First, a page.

4 october 2017
Launch of the overseas conferences (Assises des Outre-mer)october 2017
26 october 2017
22nd Conference of the Presidents of the Outermost Regions (OR)
26 october 2017 - 28 october 2017
Emmanuel Macron visits Guyana
1 december 2017 - 5 december 2017
Inter-ministerial visit to New Caledoniadecember 2017
20 march 2018
Adoption of the bill on the electoral bodymarch 2018
27 march 2018
17th Committee of the Nouméa Agreement Signatories
1 may 2018
Presentation of an overseas blue bookmay 2018
3 may 2018 - 5 may 2018
Emmanuel Macron visits New-Caledonia
Emmanuel Macron described his project for the overseas as aiming to be both be realistic, thus refusing to make any hyperbolic promise on the financial front, and to bring about effective transformation, the goal being the “real emancipation of overseas territories within the French Republic”. These ambitions translate into 6 goals:
One year in, the outline of the “real emancipation of overseas territories within the French Republic” remains fragmented and blurry.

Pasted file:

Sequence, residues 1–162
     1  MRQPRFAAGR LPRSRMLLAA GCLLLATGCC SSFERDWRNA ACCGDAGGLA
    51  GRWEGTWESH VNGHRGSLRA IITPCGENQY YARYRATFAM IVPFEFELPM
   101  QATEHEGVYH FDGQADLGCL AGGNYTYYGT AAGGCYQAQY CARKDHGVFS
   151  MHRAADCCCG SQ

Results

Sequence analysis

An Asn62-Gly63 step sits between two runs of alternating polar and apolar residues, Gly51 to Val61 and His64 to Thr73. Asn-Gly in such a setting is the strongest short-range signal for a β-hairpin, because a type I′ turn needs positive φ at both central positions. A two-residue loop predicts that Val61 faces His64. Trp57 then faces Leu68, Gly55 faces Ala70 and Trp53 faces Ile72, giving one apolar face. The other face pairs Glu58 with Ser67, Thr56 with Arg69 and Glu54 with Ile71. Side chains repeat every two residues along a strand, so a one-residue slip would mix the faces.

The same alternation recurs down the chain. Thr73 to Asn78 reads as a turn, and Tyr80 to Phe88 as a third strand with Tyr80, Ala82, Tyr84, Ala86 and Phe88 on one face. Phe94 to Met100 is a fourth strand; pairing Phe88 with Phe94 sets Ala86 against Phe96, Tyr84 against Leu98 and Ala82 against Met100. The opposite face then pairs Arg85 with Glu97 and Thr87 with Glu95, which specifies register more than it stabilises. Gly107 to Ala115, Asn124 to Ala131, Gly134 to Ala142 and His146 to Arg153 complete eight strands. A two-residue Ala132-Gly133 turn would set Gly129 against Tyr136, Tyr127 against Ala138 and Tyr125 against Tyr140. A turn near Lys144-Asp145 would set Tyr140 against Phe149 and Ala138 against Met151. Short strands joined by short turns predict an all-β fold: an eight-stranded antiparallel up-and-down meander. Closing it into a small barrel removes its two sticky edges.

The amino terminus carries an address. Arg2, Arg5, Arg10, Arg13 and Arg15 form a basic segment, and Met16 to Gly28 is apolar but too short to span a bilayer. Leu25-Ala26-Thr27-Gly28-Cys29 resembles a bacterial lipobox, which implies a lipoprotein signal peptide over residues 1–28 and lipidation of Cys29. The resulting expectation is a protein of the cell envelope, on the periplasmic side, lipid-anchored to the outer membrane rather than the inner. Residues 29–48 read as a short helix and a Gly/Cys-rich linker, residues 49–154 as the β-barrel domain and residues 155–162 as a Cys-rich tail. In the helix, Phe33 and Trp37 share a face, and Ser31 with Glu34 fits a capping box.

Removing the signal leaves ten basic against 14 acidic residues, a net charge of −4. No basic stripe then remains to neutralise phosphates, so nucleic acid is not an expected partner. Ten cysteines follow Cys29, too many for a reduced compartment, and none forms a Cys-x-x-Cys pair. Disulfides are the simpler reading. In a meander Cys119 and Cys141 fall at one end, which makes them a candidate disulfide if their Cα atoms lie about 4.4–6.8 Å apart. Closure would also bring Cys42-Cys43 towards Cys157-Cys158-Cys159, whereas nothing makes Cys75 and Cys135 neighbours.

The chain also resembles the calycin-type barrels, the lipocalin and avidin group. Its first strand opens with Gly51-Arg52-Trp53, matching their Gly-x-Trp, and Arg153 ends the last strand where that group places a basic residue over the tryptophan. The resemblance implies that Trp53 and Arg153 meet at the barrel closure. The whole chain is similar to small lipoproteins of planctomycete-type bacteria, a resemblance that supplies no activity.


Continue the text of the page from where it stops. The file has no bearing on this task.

The heart of Emmanuel Macron’s project for overseas territories lies in their economic strengthening. Such a goal can be achieved by adapting current norms and devices to their specificities, by restructuring educational pathways and by nudging part of the €1 billion that the 2018-2022 Great Investment Plan dedicates to this matter towards collective amenities.
The 2018 Finance Bill translates into a slightly higher credit of €17 billion for the overseas, for a global public spending of €21.5 billion – tax exemption included (charges, VAT, taxes). It does not change much to the current situation.